Getting older doesn’t have to mean getting diabetes, but it does mean your risk increases. The majority of Americans with Type 2 diabetes are over 60, and rates rise sharply with age. While 11 percent of middle-aged adults have diabetes, it’s nearly 22 percent for seniors 65 and older, according to the Centers for Disease Control and Prevention.

The upside is, if you are diagnosed with diabetes or prediabetes, there are steps you can take and plenty of resources to help you stay as healthy as possible.

Exercise, exercise, exercise: That’s the best way keep prediabetes from progressing, says Linda Haas, a diabetes consultant in Seattle who specializes in gerontology. No need to become a mountaineer, Haas says: A double 20 minutes of brisk daily walking may turn prediabetes around.

major U.S. study found exercise worked particularly well for adults age 60 and older, reducing their risk of moving on to diabetes by 71 percent. And if you have diabetes, exercise helps keep your blood sugar under control.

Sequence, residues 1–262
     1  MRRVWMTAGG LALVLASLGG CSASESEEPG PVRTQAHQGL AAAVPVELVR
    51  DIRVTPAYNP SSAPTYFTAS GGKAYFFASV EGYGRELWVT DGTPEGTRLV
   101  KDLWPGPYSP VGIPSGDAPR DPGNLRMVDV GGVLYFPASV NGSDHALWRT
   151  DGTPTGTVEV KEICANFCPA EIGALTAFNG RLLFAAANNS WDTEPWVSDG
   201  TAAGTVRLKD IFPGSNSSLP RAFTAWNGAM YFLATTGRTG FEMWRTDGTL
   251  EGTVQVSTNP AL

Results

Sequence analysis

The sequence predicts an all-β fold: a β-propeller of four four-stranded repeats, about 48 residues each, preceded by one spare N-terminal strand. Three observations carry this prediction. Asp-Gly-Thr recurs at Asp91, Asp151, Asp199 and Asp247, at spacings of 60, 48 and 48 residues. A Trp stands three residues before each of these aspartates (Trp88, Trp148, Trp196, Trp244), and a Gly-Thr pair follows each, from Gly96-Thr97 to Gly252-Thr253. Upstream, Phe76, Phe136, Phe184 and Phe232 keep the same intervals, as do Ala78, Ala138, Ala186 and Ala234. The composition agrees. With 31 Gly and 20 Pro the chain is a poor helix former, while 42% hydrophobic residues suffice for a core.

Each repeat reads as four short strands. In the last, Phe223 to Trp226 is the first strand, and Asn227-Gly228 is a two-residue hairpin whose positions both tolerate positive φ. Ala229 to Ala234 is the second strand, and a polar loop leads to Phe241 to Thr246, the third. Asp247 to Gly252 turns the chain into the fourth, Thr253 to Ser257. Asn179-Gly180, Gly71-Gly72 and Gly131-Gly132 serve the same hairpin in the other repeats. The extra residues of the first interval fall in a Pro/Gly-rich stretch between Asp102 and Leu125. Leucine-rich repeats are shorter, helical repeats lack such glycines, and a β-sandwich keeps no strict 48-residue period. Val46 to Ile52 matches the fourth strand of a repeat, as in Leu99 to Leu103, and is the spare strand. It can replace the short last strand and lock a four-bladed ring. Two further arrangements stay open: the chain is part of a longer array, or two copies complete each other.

“Exercise and being active is one of the best things you can do for yourself, both psychologically and physically,” says Haas, a former president of the American Association of Diabetes Educators. One tip she often gives: Get a dog to guarantee daily walks for both of you.

Group or gym activities have an added perk – interaction with others, which wards off isolation. SilverSneakers, a gym-based fitness program for seniors, is covered by some insurers, including Medicare. Senior centers also have classes to keep people healthy and connected.

Devices from pedometers to Fitbit’s allow you to measure steps, gauge your progress and gradually build endurance.